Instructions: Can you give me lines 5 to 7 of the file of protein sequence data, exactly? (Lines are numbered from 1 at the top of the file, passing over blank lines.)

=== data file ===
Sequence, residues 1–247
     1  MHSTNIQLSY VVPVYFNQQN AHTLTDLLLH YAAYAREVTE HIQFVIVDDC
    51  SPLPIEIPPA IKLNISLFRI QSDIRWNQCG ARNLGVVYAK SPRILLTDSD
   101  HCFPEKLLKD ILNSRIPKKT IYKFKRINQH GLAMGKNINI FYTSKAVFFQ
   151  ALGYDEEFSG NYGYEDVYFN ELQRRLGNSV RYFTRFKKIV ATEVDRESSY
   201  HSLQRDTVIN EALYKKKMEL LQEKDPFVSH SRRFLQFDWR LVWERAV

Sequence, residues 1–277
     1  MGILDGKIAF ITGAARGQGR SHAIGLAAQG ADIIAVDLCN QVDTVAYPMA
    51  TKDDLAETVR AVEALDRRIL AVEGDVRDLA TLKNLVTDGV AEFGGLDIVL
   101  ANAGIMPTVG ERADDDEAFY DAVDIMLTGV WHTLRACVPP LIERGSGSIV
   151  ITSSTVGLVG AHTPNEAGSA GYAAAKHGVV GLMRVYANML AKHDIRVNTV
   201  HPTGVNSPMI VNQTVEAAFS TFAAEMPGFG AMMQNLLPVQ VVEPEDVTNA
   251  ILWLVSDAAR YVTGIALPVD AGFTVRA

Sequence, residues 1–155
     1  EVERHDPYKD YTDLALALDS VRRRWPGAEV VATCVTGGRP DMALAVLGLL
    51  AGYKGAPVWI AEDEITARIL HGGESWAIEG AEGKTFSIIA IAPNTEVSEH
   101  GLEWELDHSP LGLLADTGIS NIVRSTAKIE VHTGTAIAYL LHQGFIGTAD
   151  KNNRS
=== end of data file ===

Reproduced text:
   151  ALGYDEEFSG NYGYEDVYFN ELQRRLGNSV RYFTRFKKIV ATEVDRESSY
   201  HSLQRDTVIN EALYKKKMEL LQEKDPFVSH SRRFLQFDWR LVWERAV

Sequence, residues 1–277